Sleep in Heavenly Peace Project provides beds for kids in need

Dave Lang is spending his retirement working.

However, he says this kind of work is different from the accounting work he did most of his adult life.

Lang is working as part of the nationwide Sleep in Heavenly Peace Project, which provides beds for children whose families can't afford one.

"So we make these beds, and we deliver them to the house and we assemble them," Lang said "They go with a mattress, sheets, pillow, pillowcase, comforter, ready for a child to crawl in at night and enjoy a night's sleep,"

Lang says he was inspired by a special he saw on the national news.

"I was watching this and, I love working with wood- I make a lot of little things myself- and I like helping kids and giving back to the community and it just was one of those things that caught my attention,"

Lang then headed up to the headquarters in Kimberly, Idaho to go trough a short training and start his own chapter in Harrison county.

Lang says through this project he learned about the negative impact not having a comfortable place to sleep can have on children and their development.

"The point is they don't have their own space, their own comfort area to go to at night," Lang said "And the result and effect of that is some form or degree of sleep deprivation which causes numerous physical and mental health issues,"

For the past several months Lang has been working with volunteers from the community to build bunk beds for local families.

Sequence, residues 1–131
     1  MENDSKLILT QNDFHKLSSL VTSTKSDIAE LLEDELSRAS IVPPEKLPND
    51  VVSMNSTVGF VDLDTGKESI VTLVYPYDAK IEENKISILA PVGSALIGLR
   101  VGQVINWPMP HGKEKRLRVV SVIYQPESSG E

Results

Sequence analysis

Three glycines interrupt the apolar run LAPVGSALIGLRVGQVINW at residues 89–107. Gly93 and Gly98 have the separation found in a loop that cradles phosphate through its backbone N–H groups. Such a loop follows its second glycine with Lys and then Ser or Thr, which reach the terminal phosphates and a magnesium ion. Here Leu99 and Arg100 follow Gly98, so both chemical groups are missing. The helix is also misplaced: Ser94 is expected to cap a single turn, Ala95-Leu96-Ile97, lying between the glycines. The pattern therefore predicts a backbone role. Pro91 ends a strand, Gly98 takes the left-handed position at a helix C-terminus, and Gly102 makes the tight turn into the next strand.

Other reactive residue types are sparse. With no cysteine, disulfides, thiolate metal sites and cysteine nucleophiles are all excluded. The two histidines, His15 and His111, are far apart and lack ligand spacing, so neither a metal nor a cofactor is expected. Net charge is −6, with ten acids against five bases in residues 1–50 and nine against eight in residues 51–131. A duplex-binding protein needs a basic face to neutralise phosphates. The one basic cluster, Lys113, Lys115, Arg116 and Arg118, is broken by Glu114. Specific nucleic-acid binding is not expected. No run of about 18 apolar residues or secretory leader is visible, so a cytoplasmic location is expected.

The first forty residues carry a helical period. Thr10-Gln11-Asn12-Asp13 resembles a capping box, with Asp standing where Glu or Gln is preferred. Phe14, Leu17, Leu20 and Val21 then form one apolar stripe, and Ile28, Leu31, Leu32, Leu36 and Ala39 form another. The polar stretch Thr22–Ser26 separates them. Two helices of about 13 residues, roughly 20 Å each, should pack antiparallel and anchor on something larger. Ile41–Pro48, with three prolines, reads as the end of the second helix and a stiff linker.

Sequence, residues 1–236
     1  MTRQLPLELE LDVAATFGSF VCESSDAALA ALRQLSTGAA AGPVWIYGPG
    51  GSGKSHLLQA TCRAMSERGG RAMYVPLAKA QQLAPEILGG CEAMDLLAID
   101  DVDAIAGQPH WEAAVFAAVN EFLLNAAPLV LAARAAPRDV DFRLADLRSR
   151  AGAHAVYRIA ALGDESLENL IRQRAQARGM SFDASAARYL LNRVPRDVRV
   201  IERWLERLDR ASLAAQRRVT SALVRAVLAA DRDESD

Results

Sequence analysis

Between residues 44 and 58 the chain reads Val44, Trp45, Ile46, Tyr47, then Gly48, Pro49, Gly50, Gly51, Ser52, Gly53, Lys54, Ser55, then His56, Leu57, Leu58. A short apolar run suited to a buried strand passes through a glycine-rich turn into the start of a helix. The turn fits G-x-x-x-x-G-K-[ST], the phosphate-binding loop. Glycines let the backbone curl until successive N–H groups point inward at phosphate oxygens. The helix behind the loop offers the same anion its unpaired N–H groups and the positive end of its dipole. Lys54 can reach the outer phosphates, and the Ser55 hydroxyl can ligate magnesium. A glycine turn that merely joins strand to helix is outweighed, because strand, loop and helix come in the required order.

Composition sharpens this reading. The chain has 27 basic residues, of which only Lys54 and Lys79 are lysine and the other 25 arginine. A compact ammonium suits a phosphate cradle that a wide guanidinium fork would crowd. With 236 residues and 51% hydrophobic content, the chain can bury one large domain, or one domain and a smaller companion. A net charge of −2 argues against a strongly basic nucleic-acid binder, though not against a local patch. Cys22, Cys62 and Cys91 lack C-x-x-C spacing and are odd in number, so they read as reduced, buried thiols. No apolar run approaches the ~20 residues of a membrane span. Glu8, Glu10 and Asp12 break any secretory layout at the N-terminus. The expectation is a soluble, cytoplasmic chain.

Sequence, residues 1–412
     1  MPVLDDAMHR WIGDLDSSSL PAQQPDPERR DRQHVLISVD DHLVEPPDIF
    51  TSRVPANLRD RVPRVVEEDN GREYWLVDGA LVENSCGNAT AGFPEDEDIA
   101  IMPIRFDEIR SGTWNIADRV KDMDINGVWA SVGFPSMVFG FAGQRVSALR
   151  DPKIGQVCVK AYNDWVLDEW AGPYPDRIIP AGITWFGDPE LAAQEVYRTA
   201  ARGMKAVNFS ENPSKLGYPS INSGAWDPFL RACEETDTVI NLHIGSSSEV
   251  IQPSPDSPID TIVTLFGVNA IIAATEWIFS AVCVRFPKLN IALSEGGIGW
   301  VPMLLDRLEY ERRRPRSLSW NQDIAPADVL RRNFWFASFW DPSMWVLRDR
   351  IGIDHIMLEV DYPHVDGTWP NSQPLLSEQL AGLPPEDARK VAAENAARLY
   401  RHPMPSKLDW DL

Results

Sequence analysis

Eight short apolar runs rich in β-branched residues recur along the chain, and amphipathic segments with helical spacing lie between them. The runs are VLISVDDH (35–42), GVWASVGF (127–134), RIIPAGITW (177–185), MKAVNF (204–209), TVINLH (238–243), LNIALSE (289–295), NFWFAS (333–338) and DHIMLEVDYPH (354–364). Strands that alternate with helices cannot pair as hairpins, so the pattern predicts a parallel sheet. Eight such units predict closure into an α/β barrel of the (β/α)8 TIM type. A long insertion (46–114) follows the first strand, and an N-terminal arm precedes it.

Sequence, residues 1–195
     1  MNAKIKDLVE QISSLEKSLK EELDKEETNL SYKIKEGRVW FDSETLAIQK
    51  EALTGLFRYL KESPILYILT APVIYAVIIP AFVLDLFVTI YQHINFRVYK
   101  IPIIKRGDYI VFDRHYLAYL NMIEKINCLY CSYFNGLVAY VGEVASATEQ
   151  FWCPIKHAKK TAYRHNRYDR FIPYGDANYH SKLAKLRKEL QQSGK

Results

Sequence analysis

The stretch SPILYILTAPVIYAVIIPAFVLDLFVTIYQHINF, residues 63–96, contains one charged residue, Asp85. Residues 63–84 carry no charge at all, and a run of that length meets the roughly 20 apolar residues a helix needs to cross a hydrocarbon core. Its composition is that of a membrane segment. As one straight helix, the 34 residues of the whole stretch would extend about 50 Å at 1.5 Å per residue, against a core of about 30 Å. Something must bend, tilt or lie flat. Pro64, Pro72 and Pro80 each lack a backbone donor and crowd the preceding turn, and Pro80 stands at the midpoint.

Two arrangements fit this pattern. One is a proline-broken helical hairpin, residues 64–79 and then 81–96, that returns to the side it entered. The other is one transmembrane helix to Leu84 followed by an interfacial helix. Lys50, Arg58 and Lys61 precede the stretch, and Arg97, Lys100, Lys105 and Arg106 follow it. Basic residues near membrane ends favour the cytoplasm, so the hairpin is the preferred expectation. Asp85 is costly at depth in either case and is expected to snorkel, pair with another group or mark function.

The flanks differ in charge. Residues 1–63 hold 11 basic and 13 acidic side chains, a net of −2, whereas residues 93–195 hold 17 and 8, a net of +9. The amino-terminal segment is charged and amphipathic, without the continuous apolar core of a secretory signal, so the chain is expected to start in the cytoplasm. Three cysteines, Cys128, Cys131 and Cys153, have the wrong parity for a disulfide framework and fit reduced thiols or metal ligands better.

Parents, teachers, or anyone who knows of a child in need can request a bed online- if their zip-code is in Harrison county the request will got to lang.

Lang says the response from the community has been a huge help from volunteers to funding. Local furniture store star furniture heard about his mission and offered to pay for the first 100 mattresses.

"I showed them what were going on and what the needs were and i told them i was hopeful i could build a hundred bunks my first year and before they left they said they would provide mattresses for those first hundred bunks,"

Currently Lang's chapter is the only one in West Virginia, but his hope is that the project spreads across the state.

"I'd like to bring in people to do builds with me that maybe they're from Lewis county and maybe they'll get that same fire in them to go back and create a chapter in the central part of the state or the southern part of the state or out in the eastern pan handle or over in Wood county or wherever," Lang said